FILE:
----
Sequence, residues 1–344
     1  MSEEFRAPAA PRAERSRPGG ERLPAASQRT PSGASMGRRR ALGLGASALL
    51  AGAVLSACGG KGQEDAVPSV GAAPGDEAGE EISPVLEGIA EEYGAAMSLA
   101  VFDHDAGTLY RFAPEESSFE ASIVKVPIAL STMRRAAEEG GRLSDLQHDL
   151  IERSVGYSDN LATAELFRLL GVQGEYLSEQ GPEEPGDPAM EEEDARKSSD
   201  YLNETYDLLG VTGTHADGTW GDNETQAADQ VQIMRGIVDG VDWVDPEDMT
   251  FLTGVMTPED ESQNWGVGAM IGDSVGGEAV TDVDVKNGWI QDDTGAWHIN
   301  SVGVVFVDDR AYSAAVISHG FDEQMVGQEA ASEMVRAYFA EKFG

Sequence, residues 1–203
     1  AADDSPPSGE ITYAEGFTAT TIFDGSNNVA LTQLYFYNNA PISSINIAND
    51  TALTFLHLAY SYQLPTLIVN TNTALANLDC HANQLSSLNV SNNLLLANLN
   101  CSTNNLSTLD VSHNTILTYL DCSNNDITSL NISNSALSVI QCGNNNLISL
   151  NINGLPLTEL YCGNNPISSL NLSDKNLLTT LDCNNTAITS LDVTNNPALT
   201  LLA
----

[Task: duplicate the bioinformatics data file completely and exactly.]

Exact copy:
Sequence, residues 1–344
     1  MSEEFRAPAA PRAERSRPGG ERLPAASQRT PSGASMGRRR ALGLGASALL
    51  AGAVLSACGG KGQEDAVPSV GAAPGDEAGE EISPVLEGIA EEYGAAMSLA
   101  VFDHDAGTLY RFAPEESSFE ASIVKVPIAL STMRRAAEEG GRLSDLQHDL
   151  IERSVGYSDN LATAELFRLL GVQGEYLSEQ GPEEPGDPAM EEEDARKSSD
   201  YLNETYDLLG VTGTHADGTW GDNETQAADQ VQIMRGIVDG VDWVDPEDMT
   251  FLTGVMTPED ESQNWGVGAM IGDSVGGEAV TDVDVKNGWI QDDTGAWHIN
   301  SVGVVFVDDR AYSAAVISHG FDEQMVGQEA ASEMVRAYFA EKFG

Sequence, residues 1–203
     1  AADDSPPSGE ITYAEGFTAT TIFDGSNNVA LTQLYFYNNA PISSINIAND
    51  TALTFLHLAY SYQLPTLIVN TNTALANLDC HANQLSSLNV SNNLLLANLN
   101  CSTNNLSTLD VSHNTILTYL DCSNNDITSL NISNSALSVI QCGNNNLISL
   151  NINGLPLTEL YCGNNPISSL NLSDKNLLTT LDCNNTAITS LDVTNNPALT
   201  LLA